Hello lovelies, today, I will be discussing ten shocking facts about Joan Crawford.
1.Her real age is unknown.
Though no birth certificate exists for Joan Crawford, everyone agrees on the March 23 date. Crawford always claimed 1908, which would put her age at 16 when she was placed under contract to MGM in January 1925. Like IMDb, other sources say 1905, and some say 1904, which biographer Donald Spoto argues is impossible since her brother Harold was born in September 1903. The consensus seems to have settled on the year 1906 as the most likely year of Crawford’s birth, but there is no definitive proof.
2.She was discovered in a chorus.
Joan grew up mostly poor in San Antonio, Texas, Lawton, Oklahoma, and Kansas City, Missouri. Her father abandoned the family around the time of the girl’s birth, and her mother took in laundry to make ends meet — a possible source of Joan’s later horror of wire hangers. A stepfather came and went, leaving Lucille with a new name, Billie Cassin. By 1922, Billie won Charleston contests in Kansas City and headed to Chicago and then New York to dance on stage. She was spotted in the chorus of The Passing Show of 1924 by MGM producer Harry Rapf, given a screen test, and offered a contract.
3.Her new name was chosen in a public contest.
MGM chief Louis B. Mayer saw potential in the new contract player, but not as either Lucille LeSueur or Billie Cassin. A $1,000 public renaming contest was announced, and the winning entry seemed to satisfy everyone except the bearer of the name, who thought it sounded like “crawfish.” Her good friend and sometime costar William Haines nicknamed her Crawford Cranberry.
4.Crawford was a petite, freckle-faced redhead.
She seems so big on screen, right? Well, the eyes and mouth were undoubtedly large and vivid, but the woman herself was barely 5′ 3″. As for the complexion and hair colour, the freckles were erased with makeup and the hair changed with the role.
5.Her connection with Clark Gable was possibly romantic.
Even though she had had four husbands — actors Douglas Fairbanks, Jr., Franchot Tone, Phillip Terry and Pepsi-Cola president Alfred Steele — and many lovers, Crawford was always close to Clark Gable. Gable co-starred with Crawford in eight movies, more than anyone else, and the two are rumoured to have pursued an affair on and off for decades. They were indeed good friends, and when Gable’s wife Carole Lombard was killed in a 1942 plane crash, Crawford took over her scheduled role in the film They All Kissed the Bride and donated her salary to the American Red Cross.
6.She used illegal baby brokers to adopt her children.
Crawford adopted three children — Christina and twins Cathy and Cindy — as a single parent prohibited in California. She used illegal baby brokers and travelled with baby Christina, who was born to a young unwed woman in Hollywood, to New York and then Nevada to legalize the adoption. Her other child, a son, was adopted when Crawford was married to Phillip Terry. For a brief time, this boy’s name was Phillip Terry II; when the marriage dissolved, Christopher Crawford was rechristened.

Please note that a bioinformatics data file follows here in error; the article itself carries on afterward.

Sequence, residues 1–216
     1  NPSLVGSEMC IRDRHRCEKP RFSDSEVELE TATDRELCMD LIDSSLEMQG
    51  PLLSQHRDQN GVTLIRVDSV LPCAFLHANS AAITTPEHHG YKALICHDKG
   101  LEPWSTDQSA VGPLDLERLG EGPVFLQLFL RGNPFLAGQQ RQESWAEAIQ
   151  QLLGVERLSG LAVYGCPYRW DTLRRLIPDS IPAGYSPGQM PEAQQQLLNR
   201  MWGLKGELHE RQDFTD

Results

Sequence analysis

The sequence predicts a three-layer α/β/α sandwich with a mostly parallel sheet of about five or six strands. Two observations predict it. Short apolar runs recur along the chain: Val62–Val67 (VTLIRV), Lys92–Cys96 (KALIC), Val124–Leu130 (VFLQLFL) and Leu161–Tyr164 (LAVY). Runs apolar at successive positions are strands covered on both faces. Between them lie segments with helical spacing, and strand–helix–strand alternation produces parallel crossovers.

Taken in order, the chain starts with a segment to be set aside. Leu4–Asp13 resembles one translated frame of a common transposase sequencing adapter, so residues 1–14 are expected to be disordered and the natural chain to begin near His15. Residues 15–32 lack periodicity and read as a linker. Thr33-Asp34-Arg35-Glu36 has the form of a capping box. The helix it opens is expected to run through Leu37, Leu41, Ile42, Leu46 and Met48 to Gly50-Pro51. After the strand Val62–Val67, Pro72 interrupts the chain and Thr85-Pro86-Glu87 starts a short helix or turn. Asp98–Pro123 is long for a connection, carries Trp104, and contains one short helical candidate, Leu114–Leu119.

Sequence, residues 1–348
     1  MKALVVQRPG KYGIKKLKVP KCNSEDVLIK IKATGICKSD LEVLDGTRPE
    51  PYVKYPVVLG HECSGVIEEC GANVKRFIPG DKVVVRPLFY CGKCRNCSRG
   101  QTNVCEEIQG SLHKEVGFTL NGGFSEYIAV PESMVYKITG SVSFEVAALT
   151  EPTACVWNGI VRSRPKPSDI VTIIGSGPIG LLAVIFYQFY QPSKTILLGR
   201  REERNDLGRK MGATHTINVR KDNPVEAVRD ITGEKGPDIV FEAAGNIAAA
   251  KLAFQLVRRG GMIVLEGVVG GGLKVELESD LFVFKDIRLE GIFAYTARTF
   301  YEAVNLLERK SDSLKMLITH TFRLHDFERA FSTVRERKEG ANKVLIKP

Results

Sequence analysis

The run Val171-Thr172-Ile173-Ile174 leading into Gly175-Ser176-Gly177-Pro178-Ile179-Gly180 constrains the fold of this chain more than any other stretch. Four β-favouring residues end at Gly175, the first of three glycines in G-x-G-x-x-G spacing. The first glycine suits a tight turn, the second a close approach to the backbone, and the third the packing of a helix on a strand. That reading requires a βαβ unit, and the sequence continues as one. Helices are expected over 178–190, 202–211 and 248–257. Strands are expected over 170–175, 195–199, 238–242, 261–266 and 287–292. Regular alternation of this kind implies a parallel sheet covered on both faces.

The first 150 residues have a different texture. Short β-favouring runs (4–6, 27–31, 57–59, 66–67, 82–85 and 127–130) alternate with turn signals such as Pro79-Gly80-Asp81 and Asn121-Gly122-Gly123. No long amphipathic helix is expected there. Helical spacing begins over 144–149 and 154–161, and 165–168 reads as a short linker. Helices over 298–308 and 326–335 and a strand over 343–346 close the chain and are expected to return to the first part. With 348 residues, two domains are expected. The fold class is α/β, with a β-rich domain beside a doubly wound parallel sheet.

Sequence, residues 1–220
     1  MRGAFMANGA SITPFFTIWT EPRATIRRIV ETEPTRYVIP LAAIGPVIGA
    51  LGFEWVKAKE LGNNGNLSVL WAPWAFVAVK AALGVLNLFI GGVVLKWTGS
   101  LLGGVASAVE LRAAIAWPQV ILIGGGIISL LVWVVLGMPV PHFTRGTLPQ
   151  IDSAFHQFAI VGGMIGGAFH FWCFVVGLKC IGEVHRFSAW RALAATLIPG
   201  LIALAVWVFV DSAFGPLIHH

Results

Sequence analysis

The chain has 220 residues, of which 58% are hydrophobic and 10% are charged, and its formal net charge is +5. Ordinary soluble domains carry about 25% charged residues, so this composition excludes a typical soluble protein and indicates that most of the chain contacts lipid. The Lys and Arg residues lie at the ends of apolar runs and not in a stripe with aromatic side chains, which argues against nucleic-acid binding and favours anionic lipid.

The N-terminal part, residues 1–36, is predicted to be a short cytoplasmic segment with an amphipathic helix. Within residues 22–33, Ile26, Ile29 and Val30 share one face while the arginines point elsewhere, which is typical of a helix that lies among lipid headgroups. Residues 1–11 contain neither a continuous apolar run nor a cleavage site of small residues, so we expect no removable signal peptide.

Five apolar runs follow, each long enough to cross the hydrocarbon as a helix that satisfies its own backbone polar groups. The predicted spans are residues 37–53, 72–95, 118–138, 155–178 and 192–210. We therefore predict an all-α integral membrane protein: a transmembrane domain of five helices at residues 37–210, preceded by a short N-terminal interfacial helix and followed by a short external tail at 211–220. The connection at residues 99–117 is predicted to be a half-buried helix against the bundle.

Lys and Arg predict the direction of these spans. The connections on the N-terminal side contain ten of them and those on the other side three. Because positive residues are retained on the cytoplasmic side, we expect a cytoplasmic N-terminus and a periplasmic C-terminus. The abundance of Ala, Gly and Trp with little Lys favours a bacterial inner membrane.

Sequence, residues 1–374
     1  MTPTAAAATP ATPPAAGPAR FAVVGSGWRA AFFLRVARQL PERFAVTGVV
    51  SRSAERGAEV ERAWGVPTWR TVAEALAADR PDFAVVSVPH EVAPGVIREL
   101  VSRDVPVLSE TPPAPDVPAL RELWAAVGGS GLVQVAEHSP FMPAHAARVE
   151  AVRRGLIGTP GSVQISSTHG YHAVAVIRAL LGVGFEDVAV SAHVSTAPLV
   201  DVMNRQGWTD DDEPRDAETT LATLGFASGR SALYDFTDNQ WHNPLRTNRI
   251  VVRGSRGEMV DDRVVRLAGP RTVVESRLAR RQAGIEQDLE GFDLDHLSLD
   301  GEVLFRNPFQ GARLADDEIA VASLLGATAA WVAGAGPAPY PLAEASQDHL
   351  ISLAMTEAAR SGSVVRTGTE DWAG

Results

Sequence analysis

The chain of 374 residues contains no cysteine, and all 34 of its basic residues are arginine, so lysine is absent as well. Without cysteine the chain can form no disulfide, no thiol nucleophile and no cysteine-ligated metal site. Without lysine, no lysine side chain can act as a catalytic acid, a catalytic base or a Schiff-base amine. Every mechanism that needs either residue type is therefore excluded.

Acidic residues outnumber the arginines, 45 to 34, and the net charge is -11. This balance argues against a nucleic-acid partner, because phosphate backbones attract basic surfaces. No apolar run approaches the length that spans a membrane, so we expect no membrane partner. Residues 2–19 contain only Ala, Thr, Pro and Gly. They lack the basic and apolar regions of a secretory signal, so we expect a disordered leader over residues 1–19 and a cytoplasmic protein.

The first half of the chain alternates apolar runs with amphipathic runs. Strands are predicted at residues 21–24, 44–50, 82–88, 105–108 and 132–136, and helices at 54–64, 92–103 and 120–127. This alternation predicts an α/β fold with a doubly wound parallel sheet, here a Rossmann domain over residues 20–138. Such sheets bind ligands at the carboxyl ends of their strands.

7.She was labelled box-office poison.
Though Crawford found a regular place in the Top Ten Money-Making Stars poll during the early and mid-1930s, in 1938, she, along with Marlene Dietrich, Greta Garbo and Katharine Hepburn, was labelled “box-office poison” by the Independent Theatre Owners Association of America. A series of substandard roles dimmed her star for a bit, but Joan was always good at comebacks.
8.A director accused her of wearing shoulder pads while filming ‘Mildred Pierce’
After she left MGM, Crawford tested for and won the title role in Mildred Pierce at Warner Bros., Her director, Michael Curtiz, was a notorious tyrant; on the first day of production, he became enraged by what he perceived as shoulder pads and reportedly ripped Joan’s dress at the neckline — only to uncover bare, if unusually ample, shoulders. She feuded with Mercedes McCambridge on set.
9.She feuded with Mercedes McCambridge on set.
If you’ve seen Johnny Guitar, you’ll know that its most memorable moments capture the enmity between Crawford and Mercedes McCambridge’s characters. The alcohol-fueled conflict spilled over onto the film’s Arizona location: let’s say that at one point, McCambridge’s clothes ended up spread on the highway outside the actresses’ motel. On the other hand, the legendary Crawford-Bette Davis feud during the filming of Whatever Happened to Baby Jane? was a publicity concoction.
10.She became a Christian Scientist later in life
The star’s last movie, the B-level shocker Trog, was released in 1970, after which she did a few TV roles and then retired to her Manhattan apartment. She became a Christian Scientist and, according to some sources, stopped drinking. Due to her faith, she refused aggressive treatment for cancer, which eventually led to her death, on May 10, 1977, at age 69, 71, 72, or 73. She didn’t have a great fortune to leave, but her twins were provided for, as were several charities. Fatefully, Christina and Christopher were not.